Aussie wine trends: 9. Tasmania Fervour (by thedrinksbusiness.com)

Posted: January 5, 2013 by wynmaker in Australia, Cellars, Oenology, Vinification, Vintage, Wine, Winemaking, Wineries, World wine news
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You devil, you!

You devil, you!

 

 

We consider the fast-growing interest and investment in Tasmania in our second of ten installments on Australia’s evolving wine industry.

In keeping with Australia’s continued search for yet cooler regions and leaner wine styles, its southernmost state, Tasmania, is becoming one of the most fashionable sources for grapes.

The fact the so-called Apple Isle exhibits a similar climate to New Zealand – both North and South Islands – is a further incentive for Australian winemakers, particularly those attempting to produce Down Under’s best Pinot Noir.

While plantings of Pinot Noir and Chardonnay may be nothing new to Tasmania, grapes once exclusively destined for sparkling wine – the island’s most famous export – are increasingly being used to make still wines.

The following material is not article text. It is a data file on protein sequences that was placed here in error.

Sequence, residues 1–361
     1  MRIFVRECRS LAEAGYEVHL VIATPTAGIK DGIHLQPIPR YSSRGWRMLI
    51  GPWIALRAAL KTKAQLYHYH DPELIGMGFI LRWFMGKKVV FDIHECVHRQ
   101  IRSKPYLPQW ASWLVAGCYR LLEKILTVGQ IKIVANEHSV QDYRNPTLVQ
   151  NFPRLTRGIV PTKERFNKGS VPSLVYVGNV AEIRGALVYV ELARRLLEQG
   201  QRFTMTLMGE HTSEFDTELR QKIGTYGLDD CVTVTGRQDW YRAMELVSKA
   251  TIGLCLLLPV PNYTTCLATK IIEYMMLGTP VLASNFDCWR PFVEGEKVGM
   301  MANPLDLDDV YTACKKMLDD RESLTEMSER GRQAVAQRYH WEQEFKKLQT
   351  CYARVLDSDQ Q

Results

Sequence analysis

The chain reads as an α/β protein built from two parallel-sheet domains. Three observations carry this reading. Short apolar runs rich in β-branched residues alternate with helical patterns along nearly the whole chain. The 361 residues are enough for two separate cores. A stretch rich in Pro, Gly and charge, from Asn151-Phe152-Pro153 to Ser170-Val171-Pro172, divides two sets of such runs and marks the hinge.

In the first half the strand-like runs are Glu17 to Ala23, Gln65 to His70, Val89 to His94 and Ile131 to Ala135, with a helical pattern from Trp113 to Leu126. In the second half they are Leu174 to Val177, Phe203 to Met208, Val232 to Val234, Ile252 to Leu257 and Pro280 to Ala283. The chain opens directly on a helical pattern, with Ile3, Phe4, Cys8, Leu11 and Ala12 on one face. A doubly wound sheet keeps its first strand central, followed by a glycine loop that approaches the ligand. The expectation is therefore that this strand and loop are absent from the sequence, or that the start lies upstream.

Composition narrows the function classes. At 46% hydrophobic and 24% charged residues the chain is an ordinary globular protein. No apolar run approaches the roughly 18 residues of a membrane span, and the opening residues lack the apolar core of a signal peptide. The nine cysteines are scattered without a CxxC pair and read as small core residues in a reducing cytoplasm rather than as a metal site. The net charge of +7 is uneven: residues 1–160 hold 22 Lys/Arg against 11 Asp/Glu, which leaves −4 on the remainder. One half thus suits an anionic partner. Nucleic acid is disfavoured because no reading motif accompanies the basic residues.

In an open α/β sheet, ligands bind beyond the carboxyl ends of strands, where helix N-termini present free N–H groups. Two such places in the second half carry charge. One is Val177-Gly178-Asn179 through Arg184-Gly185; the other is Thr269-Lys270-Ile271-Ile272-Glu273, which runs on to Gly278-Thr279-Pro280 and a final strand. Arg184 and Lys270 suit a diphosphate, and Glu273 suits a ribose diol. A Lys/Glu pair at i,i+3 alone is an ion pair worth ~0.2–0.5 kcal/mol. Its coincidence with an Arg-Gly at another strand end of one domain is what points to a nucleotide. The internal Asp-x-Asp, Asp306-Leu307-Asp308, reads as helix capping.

And proof of the island’s quality potential has been powerful in recent times: for example, Penfold’s Yattarna 2008 was crowned best Chardonnay in the inaugural James Halliday Chardonnay Challenge in September, and the famous producer had sourced 89% of its grapes from Tasmania in this vintage.

As Peter Gago admitted in a meeting with the drinks business at the end of last year, “If there is a trend in Yattarna Chardonnay, it’s that there’s more and more Tasmanian fruit in it” – pointing out that 96% of the Chardonnay in the more recent 2010 vintage had come from the island.

However, with the other 4% from the Adelaide Hills, he added, “Tasmania is more important but not all important”.

Meanwhile, Australia’s prestigious Jimmy Watson Trophy was won by the Glaetzer Dixon Family’s Mon Père Shiraz 2010, which was made exclusively from grapes grown on the Apple Isle.

Read on …

 

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